When direct current flows through the coil, the magnetic field so produced reacts with the field of the permanent magnet. The resultant force turns the coil alongwith its pointer. The amount of deflection is directly proportional to the amount of current in the coil. Hence, their scale is linear. With correct polarity, the pointer reads up-scale to the right whereas incorrect polarity forces the pointer off-scale to the left.
If the coil is carrying a current of i A,
the force on a coil side = Bil N
torque due to both coil sides = (2r)(Bil N = Gi
G = 2rBlN = NBA
- G = constant
- A = 2rl = area of the coil
- N = no. of turns of the coil.
- B = flux density in Wb/m2.
- l = length of the vertical side of the coil, m.
- 2r = breadth of the coil, m
- i = current in ampere.
The value of control torque depends on the mechanical design of the control device. For spiral springs and strip suspensions, the controlling torque is directly proportional to the angle of deflection of the coil.
Control torque = Cθ
- θ = deflection angle in radians
- C = spring constant
Characteristics of Permanent Magnet Moving Coil Movement
We will discuss the following three characteristics:
- Full-scale deflection current (Im),
- The internal resistance of the coil (Rm),
- Sensitivity (S).
Full-scale Deflection Current (Im)
It is the current needed to deflect the pointer all the way to the right to the last mark on the calibrated scale. Typical values of Im for D’ Arsonval movement vary from 2 mA to 30 mA. It should be noted that for smaller currents, the number of turns in the moving coil has to be more so that the magnetic field produced by the coil is strong enough to react with the field of the permanent magnet for producing reasonable deflection of the pointer. The fine wire has to be used for reducing the weight of the moving coil but it increases its resistance. Heavy currents need thick wire but a lesser number of turns so that resistance of the moving coil is comparatively less. The schematic symbol is shown in the figure below.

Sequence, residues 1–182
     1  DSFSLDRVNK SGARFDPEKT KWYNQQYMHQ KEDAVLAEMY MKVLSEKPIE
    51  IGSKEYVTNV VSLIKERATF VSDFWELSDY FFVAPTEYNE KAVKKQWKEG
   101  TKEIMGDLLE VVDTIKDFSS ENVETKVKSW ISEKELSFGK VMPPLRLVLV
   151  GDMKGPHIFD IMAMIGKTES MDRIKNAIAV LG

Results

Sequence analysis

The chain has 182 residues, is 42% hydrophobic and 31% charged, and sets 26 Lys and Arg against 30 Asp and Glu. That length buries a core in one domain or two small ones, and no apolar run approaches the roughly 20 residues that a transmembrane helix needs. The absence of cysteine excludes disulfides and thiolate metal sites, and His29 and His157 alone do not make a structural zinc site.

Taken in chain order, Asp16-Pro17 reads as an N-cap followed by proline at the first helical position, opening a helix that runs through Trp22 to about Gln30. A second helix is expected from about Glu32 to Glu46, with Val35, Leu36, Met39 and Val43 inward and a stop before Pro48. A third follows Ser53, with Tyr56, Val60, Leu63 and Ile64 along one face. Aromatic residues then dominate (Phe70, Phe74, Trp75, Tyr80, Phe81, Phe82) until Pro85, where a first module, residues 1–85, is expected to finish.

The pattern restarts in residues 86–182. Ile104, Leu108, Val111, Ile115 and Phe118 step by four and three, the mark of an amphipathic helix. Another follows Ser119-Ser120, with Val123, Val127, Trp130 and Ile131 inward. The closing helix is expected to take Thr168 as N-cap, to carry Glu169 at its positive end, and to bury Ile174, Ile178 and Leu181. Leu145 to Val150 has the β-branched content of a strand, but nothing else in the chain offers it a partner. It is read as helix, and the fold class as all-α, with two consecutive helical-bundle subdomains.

Internal Resistance (Rm)
It is the dc ohmic resistance of the wire of the moving coil. A movement with smaller Im has higher Rm and vice versa. Typical values of Rm range from 1.2 W for a 30 mA movement to 2 kW for a 50 mA movement.
It is also known as current sensitivity or sensitivity factor. It is given by the reciprocal of full-scale deflection current Im.
Advantage of Permanent Magnet Moving Coil
Following are some of the advantages of PMMC which are important from the subject point of view:
- It has a uniform scale.
- The operating current is small.
- It has high sensitivity.
- PMMC consumes low power, of order of 25 W to 200 mW.
- It has high accuracy.
- Extension of instrument range is possible.
- Not affected by eternal magnetic fields called stray magnetic fields.
Disadvantage of Permanent Magnet Moving Coil
PMMC has some disadvantages too. These are given below :
- Used only for D.C measurements. The torque reverse if the current reverses. If the instrument is connected to A.C., the pointer cannot follow the reversals and the deflection corresponds to mean torque, which is zero, hence it cannot be used for A.C.
- The cost of the instrument is high.